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dc.contributor.authorGil Matellanes, María Victoria-
dc.contributor.authorFermoso Domínguez, Javier-
dc.contributor.authorRubiera González, Fernando-
dc.contributor.authorChen, De-
dc.date.accessioned2015-03-13T09:14:03Z-
dc.date.available2015-03-13T09:14:03Z-
dc.date.issued2014-05-
dc.identifier.citationCatalysis Today 242 Part A: 19-34 (2015)es_ES
dc.identifier.issn0920-5861-
dc.identifier.urihttp://hdl.handle.net/10261/112317-
dc.description.abstractHigh-purity H2 was produced by the sorption enhanced steam reforming (SESR) of acetic acid, a model compound of bio-oil obtained from the fast pyrolysis of biomass, in a fluidized bed reactor. A Pd/Ni–Co hydrotalcite-like material (HT) and dolomite were used as reforming catalyst and CO2 sorbent, respectively. The hydrogen yield and purity were optimized by response surface methodology (RSM) and the combined effect of the reaction temperature (T), steam-to-carbon molar ratio in the feed (steam/C) and weight hourly space velocity (WHSV) upon the sorption enhanced steam reforming process was analyzed. T was studied between 475 and 675 °C, steam/C ratio between 1.5 and a 4.5 mol/mol and WHSV between 0.893 and 2.679 h−1. H2 yield, H2 selectivity and H2 purity, as well as the CH4, CO and CO2 concentrations in the effluent gas, were assessed. The operating temperature proved to be the variable that had the greatest effect on the response variables studied, followed by the WHSV and the steam/C ratio. The results show that the H2 yield, H2 selectivity and H2 purity increased, while the CH4, CO and CO2 concentrations decreased, concurrently with the temperature up to around 575–625 °C. Higher values of the steam/C ratio and lower WHSV values favored the H2 yield, H2 selectivity and H2 purity, and reduced the CH4 concentration. It was found that the SESR of acetic acid at atmospheric pressure and 560 °C, with a steam/C ratio of 4.50 and a WHSV of 0.893 h–1 gave the highest H2 yield of 92.00%, with H2 purity of 99.53% and H2 selectivity of 99.92%, while the CH4, CO and CO2 concentrations remained low throughout (0.04%, 0.06% and 0.4%, respectively). The results also suggested that a slow CO2 capture rate led to a poor level of hydrogen production when the SESR process was carried out at low temperatures, although this can be improved by increasing the sorbent/catalyst ratio in the fluidized bed.es_ES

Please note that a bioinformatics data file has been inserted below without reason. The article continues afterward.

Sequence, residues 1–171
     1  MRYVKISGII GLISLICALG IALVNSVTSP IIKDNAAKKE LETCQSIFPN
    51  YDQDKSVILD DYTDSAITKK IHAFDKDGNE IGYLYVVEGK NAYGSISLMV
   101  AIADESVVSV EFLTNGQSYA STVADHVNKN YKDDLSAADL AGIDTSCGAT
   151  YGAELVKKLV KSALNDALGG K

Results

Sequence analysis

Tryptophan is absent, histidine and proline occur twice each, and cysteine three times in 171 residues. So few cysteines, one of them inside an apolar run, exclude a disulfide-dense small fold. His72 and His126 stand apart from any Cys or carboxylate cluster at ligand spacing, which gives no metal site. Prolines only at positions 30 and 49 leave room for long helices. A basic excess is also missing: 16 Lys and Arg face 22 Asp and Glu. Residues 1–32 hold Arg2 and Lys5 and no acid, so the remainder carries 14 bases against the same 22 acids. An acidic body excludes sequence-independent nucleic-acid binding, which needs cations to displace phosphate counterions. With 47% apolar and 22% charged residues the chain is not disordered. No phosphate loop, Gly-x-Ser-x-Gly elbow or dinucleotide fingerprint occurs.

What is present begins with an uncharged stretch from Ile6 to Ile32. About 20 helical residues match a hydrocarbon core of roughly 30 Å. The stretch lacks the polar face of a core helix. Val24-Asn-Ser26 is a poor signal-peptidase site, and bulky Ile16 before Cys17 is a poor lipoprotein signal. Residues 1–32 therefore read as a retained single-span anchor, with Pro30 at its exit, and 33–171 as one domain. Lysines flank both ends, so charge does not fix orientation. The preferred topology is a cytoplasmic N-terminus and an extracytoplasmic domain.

dc.description.sponsorshipThe financial support from the Research Council of Norway (RCN) is gratefully acknowledged. The authors thank Franefoss Miljøkalk A/S (Norway) for supplying Arctic dolomite. M.V. Gil acknowledges funding from the CSIC JAE-Doc program, Spain, co-financed by the European Social Fund, and support from the Research Council of Norway through the Yggdrasil program.es_ES
dc.language.isoenges_ES
dc.publisherElsevieres_ES
dc.relation.isversionofPostprintes_ES
dc.rightsopenAccesses_ES
dc.subjectHydrogen productiones_ES
dc.subjectSorption enhanced steam reforming (SESR)es_ES
dc.subjectPd/Ni–Co catalystes_ES
dc.subjectBio-oiles_ES
dc.subjectResponse surface methodologyes_ES
dc.subjectFluidized bedes_ES
dc.titleH2 production by sorption enhanced steam reforming of biomass-derived bio-oil in a fluidized bed reactor: An assessment of the effect of operation variables using response surface methodologyes_ES
dc.typeArtículoes_ES
dc.identifier.doi10.1016/j.cattod.2014.04.018-
dc.description.peerreviewedPeer reviewedes_ES
dc.relation.publisherversionhttp://dx.doi.org/10.1016/j.cattod.2014.04.018es_ES
dc.relation.csices_ES
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